No single assessment method can successfully evaluate the clinical ability of medical students in psychiatric clerkships; however, few studies have examined the efficacy of multiple assessments, especially in psychiatry. The aim of this study was to examine the relationship among different types of assessments of medical students' clinical ability in psychiatric clerkships and whether it is reasonable to use multiple assessments.
A group of 196 students were enrolled during their psychiatric clerkship between September 2008 and May 2009 in Kaohsiung, Taiwan. The mini-clinical evaluation exercise (mini-CEX) and standardized patient (SP)-based test were used to evaluate "does" and "show how" in psychiatric clinical ability. A multiple-choice examination was used to evaluate knowledge of psychiatry.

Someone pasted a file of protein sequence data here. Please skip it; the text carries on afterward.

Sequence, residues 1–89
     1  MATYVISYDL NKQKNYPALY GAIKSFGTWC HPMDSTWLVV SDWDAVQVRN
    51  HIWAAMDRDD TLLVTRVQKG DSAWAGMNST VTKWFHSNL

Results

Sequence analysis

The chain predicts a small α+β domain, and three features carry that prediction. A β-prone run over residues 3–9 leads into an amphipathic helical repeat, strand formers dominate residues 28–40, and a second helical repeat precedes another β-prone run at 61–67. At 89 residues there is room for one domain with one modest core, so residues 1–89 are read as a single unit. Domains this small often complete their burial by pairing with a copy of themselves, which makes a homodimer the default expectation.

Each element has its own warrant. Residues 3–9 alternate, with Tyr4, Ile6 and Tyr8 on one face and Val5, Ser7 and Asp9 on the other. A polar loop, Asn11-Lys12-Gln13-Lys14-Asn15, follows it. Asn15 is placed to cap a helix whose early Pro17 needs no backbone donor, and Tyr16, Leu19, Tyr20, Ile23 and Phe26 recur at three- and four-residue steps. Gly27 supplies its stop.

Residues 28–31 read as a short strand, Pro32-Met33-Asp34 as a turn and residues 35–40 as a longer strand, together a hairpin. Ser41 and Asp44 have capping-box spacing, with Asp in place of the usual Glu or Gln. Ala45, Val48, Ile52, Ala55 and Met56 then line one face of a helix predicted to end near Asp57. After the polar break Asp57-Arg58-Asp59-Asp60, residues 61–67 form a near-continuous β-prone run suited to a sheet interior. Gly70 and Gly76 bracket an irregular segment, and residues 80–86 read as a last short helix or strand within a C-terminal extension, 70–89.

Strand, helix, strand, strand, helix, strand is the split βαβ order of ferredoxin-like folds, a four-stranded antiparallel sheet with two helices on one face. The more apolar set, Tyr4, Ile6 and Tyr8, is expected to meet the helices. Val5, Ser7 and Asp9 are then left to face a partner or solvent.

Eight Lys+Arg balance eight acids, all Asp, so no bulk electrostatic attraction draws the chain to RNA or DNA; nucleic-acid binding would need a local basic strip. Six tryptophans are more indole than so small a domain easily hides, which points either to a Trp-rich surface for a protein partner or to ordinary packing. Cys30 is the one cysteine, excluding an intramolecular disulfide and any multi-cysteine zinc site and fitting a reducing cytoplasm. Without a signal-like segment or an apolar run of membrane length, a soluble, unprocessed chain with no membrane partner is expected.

There were statistically significant but weak correlations among the scores on the multiple-choice examination, SP-based test, and overall clinical competence domain on the mini-CEX.
A blended assessment composed of a multiple-choice examination, mini-CEX, and SP-based test can evaluate different dimensions of clinical ability. It is reasonable to use multiple methods to assess medical students' competency in psychiatric clerkships.